The many ways that Self-Help Groups empower women

Women's self-help group (multi-caste) meeting in desert village, discussing healthcare & 1st aid issues with village health worker and two male NGO staff Bhojon Village, Bap (aka. Baap), nr. Phalodi, Jodhpur District, Thar Desert, Rajasthan, India implemented by Gravis (Gramin Vikas Vigyan Samiti), www.gravis.org.in
Women’s self-help group (multi-caste) meeting in desert village, discussing healthcare & 1st aid issues with village health worker and two male NGO staff Bhojon Village, Bap (aka. Baap), nr. Phalodi, Jodhpur District, Thar Desert, Rajasthan, India implemented by Gravis (Gramin Vikas Vigyan Samiti), http://www.gravis.org.in

Given the social structure and gender barriers that exist within Rajasthan, it is particularly critical that female participation be a priority in development interventions intended to facilitate change in the Thar. In light of the social barriers that exist for women, GRAVIS has had a particular emphasis on women’s empowerment through its Self Help Group (SHG) intervention.

The SHG model was first formulated in India in the 1990’s. It has since been adopted by women and NGOs around the world and continues to grow in popularity. In essence, SHGs are comprised of 10-15 women who carry out collective savings by contributing an agreed upon amount every month. The groups have their own rules for management of funds and the members can access loans from these funds. The savings are also deposited in the bank, which is used to secure micro-credit loans.  Group members take out loans to meet a variety of needs including supporting their own income generation, through the purchase of a sewing machine or a flour mill, or contributing to her family’s agricultural assets through the purchase of livestock or equipment.

Apart from savings and loans, SHGs are also platforms for empowerment and social change. SHGs focus on several areas of empowerment, including: financial literacy, mobility and visibility, decision-making, skill building, economic security, and community engagement.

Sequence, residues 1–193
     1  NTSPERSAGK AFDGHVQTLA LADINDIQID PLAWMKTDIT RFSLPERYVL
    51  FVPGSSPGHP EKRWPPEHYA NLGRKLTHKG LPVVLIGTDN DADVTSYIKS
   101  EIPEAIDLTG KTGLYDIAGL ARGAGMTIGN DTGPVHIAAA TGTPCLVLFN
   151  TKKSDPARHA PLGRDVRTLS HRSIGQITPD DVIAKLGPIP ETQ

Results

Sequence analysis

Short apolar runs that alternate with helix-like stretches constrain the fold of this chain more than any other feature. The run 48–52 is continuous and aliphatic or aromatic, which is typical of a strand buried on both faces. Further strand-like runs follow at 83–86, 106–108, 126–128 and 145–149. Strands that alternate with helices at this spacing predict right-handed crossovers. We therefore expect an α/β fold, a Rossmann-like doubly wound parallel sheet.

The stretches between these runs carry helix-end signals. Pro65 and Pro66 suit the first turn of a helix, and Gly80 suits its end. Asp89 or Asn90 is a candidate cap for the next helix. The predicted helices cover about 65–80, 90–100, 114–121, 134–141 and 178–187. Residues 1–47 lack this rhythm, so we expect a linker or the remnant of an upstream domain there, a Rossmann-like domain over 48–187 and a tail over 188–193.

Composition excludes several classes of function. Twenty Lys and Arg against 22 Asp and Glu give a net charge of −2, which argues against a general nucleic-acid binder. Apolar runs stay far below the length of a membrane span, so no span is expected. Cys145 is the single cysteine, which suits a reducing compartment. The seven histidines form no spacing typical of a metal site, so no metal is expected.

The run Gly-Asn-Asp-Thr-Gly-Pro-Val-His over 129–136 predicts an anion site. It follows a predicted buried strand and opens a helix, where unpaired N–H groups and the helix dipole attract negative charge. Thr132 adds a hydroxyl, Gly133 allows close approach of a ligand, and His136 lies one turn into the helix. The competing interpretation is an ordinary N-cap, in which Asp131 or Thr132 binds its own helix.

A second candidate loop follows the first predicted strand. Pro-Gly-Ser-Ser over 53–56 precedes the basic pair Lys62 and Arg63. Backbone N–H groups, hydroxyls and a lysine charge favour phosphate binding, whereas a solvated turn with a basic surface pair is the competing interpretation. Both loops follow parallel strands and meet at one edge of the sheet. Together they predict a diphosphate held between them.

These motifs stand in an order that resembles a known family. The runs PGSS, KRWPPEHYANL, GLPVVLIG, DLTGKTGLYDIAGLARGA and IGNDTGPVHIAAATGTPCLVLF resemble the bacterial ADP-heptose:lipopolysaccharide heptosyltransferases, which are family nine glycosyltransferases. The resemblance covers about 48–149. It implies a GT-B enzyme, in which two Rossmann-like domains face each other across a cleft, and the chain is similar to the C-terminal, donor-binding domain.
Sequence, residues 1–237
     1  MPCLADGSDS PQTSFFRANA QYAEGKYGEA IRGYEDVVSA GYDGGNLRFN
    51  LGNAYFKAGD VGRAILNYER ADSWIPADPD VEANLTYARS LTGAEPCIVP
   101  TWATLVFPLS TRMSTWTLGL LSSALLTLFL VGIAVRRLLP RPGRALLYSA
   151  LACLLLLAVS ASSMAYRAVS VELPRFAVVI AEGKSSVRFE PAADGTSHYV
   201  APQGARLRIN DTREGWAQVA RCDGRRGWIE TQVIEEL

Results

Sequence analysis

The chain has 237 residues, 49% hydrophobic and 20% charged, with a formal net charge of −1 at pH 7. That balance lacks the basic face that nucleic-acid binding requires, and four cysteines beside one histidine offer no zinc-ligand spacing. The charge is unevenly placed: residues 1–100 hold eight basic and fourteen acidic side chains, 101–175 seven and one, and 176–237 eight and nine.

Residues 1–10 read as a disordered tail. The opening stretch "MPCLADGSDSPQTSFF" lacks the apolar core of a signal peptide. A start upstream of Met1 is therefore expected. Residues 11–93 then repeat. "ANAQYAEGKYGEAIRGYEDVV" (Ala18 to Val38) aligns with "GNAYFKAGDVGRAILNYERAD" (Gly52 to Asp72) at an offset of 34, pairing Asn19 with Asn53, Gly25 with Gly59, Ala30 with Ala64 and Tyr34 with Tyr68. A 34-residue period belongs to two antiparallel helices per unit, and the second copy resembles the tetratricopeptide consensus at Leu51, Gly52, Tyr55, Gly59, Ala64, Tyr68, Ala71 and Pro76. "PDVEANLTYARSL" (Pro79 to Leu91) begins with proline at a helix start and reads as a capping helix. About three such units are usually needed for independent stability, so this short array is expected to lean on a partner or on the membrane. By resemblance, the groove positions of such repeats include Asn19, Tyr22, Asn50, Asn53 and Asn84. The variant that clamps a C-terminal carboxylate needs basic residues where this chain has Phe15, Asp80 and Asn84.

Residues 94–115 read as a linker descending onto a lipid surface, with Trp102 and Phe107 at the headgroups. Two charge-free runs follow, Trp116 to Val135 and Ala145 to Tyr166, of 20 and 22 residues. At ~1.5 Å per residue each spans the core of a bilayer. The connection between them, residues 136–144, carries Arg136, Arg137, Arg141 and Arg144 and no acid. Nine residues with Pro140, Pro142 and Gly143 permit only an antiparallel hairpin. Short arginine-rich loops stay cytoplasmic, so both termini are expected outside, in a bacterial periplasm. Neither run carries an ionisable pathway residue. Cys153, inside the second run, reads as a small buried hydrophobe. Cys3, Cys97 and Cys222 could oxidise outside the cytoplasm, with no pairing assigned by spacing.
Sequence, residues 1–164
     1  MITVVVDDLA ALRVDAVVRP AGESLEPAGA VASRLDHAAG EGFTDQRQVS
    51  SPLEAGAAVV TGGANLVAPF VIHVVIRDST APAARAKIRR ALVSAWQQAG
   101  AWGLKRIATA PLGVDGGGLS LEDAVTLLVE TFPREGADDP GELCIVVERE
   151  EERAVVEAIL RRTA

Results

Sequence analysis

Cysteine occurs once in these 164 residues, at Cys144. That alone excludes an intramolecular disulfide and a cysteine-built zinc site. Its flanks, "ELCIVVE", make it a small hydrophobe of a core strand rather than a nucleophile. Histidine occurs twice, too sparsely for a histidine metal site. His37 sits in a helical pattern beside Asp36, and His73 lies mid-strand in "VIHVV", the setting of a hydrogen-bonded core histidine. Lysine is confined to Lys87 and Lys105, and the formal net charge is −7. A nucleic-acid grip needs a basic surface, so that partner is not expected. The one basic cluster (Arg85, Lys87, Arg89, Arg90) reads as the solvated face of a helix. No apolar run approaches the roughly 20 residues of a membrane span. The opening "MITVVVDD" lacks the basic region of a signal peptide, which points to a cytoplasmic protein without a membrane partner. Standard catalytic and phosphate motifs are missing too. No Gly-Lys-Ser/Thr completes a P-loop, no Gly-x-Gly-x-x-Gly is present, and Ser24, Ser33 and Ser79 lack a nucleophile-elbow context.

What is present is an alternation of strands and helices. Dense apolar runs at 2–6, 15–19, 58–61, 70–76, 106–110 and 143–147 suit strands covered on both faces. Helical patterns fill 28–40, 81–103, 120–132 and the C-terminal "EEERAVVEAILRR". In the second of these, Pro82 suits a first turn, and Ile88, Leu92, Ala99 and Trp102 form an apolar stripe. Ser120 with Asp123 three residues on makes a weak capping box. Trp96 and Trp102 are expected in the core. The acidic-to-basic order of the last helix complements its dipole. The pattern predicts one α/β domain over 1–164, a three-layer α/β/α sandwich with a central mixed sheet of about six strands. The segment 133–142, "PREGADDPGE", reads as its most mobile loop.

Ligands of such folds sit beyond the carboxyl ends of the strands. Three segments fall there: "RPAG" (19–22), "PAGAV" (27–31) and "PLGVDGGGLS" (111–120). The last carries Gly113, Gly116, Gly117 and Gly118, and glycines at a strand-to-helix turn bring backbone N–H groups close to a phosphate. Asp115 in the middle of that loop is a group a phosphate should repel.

I recently visited with SHGs in the villages of Nayagon and Kan Singh Ki Seed. The women are about to take part in artisan skills training as part of economic empowerment of the SHGs. They are eager to improve their skills in sewing as a means of generating an income for their families.

In light of the deeply entrenched gender roles that exist within the social structure of Rajasthan, women are faced with the challenge of having a double burden of both productive and maternal work, without the ability to have their voices and problems heard. This structure leaves women with little time or ability to develop relationships outside of their immediate family. Women who join SHGs experience the rare opportunity to step out of their homes and be part of something that they themselves chose to be a part of.

In addition to an increase in mobility, SHGs provide a new opportunity for women to meet together and converse. The simple act of meeting with other women and conversing during meetings can go a long way. Women often discuss general day-to-day life, personal health issues, family conflicts, and other problems during group meetings. High levels of trust are built amongst SHG members. This trust and problem solving, combined with a regular time for meeting, provides members with a new social network, where they can share their burdens and problem solve collectively, that did not exist in their lives prior to membership. These small changes are important steps on the path toward individual and collective empowerment.

*Mia Schmid is an intern at GRAVIS and is currently completing a Masters in Public Administration from the Middlebury Institute of International Studies at Monterey. Previously she has worked for the Firelight Foundation in Santa Cruz, California where she contributed to the organization’s learning management systems. Her work at GRAVIS focuses on women’s empowerment through Self Help Groups and skills training. 

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